Pension fund trustees who spent more than $1.3 million on trips to face audit
The Board of Supervisors ordered an audit Tuesday of L.A. County’s pension fund following a Times investigation of trustees’ spending on travel.
The Board of Supervisors on Tuesday ordered an audit of L.A. County’s massive employee pension fund, increasing scrutiny of its trustees’ spending on travel.
In a split vote, the supervisors adopted a motion calling on the county’s auditor-controller to examine operational spending at the Los Angeles County Employees Retirement Assn. and report back within 60 days.
The review is intended to look specifically at the budget and administrative expenses of LACERA, as the association is commonly known. The audit is likely to include costly trips taken by trustees to educational conferences and seminars.
Supervisor Hilda Solis said she sought the audit so the county “can reassure LACERA’s members that their retirement plans and health benefits are secure.”
The Times reported this week that trustees have taken hundreds of trips, many of them overseas, and they have cost the fund more than $1.3 million since 2015 — expenses that outpace those of peer pension funds.
An internal audit released this month called LACERA a “significant outlier” among peer pension funds for travel costs. In fiscal 2018, for example, LACERA spent $400,000 on education travel for its trustees — three times as much as the California Public Employees’ Retirement System, or CalPERS, the audit found.
Many of the trips were approved in advance by the trustees themselves and largely adhered to their internal policies. But the amounts have prompted concern inside and outside of LACERA’s Pasadena headquarters.
Although LACERA is a public entity funded by contributions from the county and employees, as well as returns on investments, it operates independently with its own boards, budget and internal and external auditors. But California law also allows the supervisors to order their own auditor to review a fund’s spending — so long as it doesn’t pass on the cost of the review to the pension fund.
The newly ordered audit would focus more broadly on LACERA’s “processes and controls over their administrative operations,” according to Solis’s motion, which was co-led by Supervisor Mark Ridley-Thomas. It seeks to “determine whether LACERA provides adequate stewardship” over costs.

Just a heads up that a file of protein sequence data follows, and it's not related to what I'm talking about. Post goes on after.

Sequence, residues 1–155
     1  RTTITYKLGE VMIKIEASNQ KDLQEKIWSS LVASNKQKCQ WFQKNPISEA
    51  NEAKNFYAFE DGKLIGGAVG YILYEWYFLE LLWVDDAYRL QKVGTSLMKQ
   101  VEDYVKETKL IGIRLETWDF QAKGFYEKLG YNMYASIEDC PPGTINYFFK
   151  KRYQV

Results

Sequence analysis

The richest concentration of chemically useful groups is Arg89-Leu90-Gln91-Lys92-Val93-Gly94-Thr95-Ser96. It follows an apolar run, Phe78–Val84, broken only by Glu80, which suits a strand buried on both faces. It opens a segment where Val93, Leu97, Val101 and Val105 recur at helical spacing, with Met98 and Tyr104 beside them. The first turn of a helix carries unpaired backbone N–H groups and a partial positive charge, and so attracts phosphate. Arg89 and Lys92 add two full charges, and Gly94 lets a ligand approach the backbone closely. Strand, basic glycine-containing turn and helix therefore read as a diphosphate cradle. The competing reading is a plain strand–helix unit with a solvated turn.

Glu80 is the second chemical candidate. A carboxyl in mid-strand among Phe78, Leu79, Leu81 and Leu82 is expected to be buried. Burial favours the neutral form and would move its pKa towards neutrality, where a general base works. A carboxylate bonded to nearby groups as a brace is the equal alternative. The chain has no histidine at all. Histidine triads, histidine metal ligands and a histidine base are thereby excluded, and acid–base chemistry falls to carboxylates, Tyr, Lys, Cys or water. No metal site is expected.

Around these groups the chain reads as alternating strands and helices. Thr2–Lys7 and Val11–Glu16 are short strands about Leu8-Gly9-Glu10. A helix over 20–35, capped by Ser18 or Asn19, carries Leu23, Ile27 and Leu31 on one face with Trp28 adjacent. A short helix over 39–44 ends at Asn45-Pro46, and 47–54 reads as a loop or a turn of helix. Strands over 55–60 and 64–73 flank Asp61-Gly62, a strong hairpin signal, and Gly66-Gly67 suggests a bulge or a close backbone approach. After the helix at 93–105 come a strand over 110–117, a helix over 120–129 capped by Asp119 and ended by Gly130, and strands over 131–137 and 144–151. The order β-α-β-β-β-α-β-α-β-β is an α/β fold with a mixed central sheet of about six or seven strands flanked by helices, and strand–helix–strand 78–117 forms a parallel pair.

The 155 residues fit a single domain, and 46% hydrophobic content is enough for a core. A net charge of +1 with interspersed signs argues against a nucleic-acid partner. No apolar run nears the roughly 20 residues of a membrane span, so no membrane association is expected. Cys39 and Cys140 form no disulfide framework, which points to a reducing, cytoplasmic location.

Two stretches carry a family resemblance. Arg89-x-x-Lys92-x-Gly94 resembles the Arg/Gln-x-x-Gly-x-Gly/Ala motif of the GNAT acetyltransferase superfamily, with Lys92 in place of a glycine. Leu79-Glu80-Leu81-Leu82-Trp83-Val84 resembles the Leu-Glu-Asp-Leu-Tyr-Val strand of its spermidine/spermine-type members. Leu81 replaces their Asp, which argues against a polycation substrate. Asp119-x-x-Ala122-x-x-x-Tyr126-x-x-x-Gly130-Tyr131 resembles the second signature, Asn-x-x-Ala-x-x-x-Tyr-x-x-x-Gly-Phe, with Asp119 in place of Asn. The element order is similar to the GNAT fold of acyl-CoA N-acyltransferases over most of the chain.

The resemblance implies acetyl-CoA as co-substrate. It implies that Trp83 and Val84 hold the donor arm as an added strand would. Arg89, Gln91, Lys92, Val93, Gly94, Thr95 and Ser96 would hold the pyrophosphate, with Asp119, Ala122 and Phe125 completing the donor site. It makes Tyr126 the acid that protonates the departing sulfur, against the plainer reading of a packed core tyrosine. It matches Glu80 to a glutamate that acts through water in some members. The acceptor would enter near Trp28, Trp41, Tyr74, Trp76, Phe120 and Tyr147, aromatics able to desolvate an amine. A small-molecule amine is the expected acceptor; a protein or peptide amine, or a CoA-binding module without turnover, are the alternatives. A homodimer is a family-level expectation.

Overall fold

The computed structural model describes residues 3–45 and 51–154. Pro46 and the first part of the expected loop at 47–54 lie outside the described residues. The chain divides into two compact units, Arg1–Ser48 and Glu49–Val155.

The motion includes an analysis of LACERA’s budget increases, travel and training operations and administrative expenses — and how those compare with other funds and industry norms. The motion also includes a desire for the state’s Joint Legislative Audit Committee to review the association.
Supervisor Sheila Kuehl — whose appointee, Alan Bernstein, chairs LACERA’s Board of Retirement — voted against the latter measure while supporting the county audit. Supervisor Kathryn Barger didn’t attend Tuesday’s meeting because she was traveling.
In a written statement, LACERA said it maintains the “highest regard for transparency,” while pointing out that it regularly conducts internal audits.
“LACERA understands and respects the county Board of Supervisors’ statutory right to perform an audit, and we will cooperate to the fullest extent,” Steven Rice, the association’s acting chief executive, said in a statement.
Bernstein, a real estate investor from Hancock Park, took about $97,000 in trips during the three-year period examined by The Times — costs that can be inflated by pricey admissions fees charged by groups that organize the meetings. LACERA pays those fees and other travel expenses for such events in part to avoid the appearance that its potential customers are influencing trustees.
Other board members who topped the travel spending list were Lt. Shawn Kehoe, a Sheriff’s Department investigator; Vivian Gray, an attorney in the county’s Alternate Public Defender’s Office; and David Green, a social worker in the Department of Children and Family Services. Their trips totaled about $135,000, $115,000 and $120,000, respectively, during the time period.
The supervisors haven’t raised concerns about the association’s investments, which have produced healthy investment returns in recent years.
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